The use of manual focus may frustrate beginners, but it's well worth the effort to learn how: perfect focus done with perfect control, every time you shoot, from macro photography to action shots. This article outlines how to use manual focus quickly and easily.
What is Manual Focus?
Manual focus is exactly what is sounds like: setting the focus manually. Depending on the camera, this could be done either by adjusting the lens by hand, or by tinkering around with some buttons or dials that adjust the lens for you.
Depending on the camera, focus can be set either by the physical distance, from a few millimeters to a few meters, or by a logarithmic scale.
On most modern cameras, you can see how in or out of focus your camera is by consulting the LCD screen, rather than the viewfinder as in old cameras. Check carefully to see if the camera is focused on what you actually want it to be focused on, and make sure you keep the lens at the same distance from the subject at all times by keeping a steady grip without shaking.
Know Your Camera
Before you start on even trying to use manual focus, take a good look through your camera manual. Every camera varies a bit as to the particulars of its manual focus, and many cameras have features that are unique to the camera and can't possibly be covered in a general article. See what's available for you to use.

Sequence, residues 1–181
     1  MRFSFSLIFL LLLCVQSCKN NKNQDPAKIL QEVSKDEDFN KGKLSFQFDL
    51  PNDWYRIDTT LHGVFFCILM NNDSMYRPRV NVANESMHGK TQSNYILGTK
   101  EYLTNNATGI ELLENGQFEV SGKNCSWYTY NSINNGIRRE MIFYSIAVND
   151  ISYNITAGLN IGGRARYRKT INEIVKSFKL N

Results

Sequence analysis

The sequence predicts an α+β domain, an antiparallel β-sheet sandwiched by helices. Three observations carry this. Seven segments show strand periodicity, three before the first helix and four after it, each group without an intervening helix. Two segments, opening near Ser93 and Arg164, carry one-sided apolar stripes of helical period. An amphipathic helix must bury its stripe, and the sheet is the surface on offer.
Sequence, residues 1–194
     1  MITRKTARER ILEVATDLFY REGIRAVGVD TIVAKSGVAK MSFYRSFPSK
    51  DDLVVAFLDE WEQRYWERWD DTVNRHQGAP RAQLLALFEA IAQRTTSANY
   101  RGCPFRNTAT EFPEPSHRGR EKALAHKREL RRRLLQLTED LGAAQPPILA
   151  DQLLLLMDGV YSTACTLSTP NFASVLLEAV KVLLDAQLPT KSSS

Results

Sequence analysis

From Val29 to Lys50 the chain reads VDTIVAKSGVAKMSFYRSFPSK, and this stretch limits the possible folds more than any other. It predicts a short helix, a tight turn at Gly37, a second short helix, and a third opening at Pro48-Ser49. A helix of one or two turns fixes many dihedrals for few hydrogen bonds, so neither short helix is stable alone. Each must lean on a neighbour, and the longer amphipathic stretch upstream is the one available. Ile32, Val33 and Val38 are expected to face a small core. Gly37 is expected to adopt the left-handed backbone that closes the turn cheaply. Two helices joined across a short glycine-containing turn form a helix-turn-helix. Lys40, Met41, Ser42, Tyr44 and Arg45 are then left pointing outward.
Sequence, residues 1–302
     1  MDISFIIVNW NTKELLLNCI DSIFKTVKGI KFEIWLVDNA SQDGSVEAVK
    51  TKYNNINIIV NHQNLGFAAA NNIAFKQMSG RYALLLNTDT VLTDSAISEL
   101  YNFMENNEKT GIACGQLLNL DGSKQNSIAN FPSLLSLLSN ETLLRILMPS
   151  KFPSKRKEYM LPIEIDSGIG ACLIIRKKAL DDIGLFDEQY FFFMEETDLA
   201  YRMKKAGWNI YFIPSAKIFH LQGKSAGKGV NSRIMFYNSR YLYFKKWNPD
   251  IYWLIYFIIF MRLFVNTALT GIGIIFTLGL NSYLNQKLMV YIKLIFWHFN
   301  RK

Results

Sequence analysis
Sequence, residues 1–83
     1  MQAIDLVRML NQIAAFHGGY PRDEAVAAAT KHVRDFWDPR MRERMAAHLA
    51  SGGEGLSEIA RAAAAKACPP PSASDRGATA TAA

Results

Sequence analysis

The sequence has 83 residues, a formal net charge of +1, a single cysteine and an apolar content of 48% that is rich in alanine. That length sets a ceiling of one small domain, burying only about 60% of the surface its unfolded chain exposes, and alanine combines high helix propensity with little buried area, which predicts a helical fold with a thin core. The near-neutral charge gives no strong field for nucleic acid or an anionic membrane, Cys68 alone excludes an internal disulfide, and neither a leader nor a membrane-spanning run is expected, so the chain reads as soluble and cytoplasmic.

For instance, many cameras have a focusing mini-screen, which can show a magnified section of your shot so you can see if you really are in focus or not. After all, it's hard to tell on a tiny little LCD screen whether you've got the focus right or not.
Speeding Up The Process
One of the biggest complaints that photographers have about using manual focus is that it takes so much more time to use than the auto focus. However, there's some easy tips to speed up the process somewhat.
Guesstimate the distance between the lens and the object upon which you want to focus. This will give you a good idea of where to meter your shot and take some of the fiddling out of the focusing process.
If you'll be trying to focus on something quickly, then it might be a good idea to try prefocusing your shot as well. This could mean simply focusing on something that's about the same distance away as your subject, for instance, the leaf upon which an ant is crawling.
Another possibility is to use auto focus in junction with a manual focus to get you in the ballpark of where you need to be. So, the auto focus can get you roughly where you need to be, while the manual focus can fine tune the shot.
When To Use Manual Focus
Just because you can use manual focus doesn't mean that it's always the most appropriate option - but on the other hand, there are numerous situations where manual focus really is the best option.
Macro photography is where manual focus is the most useful, where getting that perfect focus can make or break your picture. Auto focus just can't detect the precise differences of a few millimeters when setting your focus—leaving it up to you to meter it yourself.
Autofocus takes time—time that you may not have, if you're taking action shots of race cars and runners. If you set manual focus ahead of time, then your camera will be that much faster when it comes to take the shot.
If you're using lenses, then the auto focus might get a little confused and not work as well, for instance, trying to focus on the lens instead of on the scene. Low light situations are also difficult for auto focus mechanisms to handle. Manual focus here might be your only option.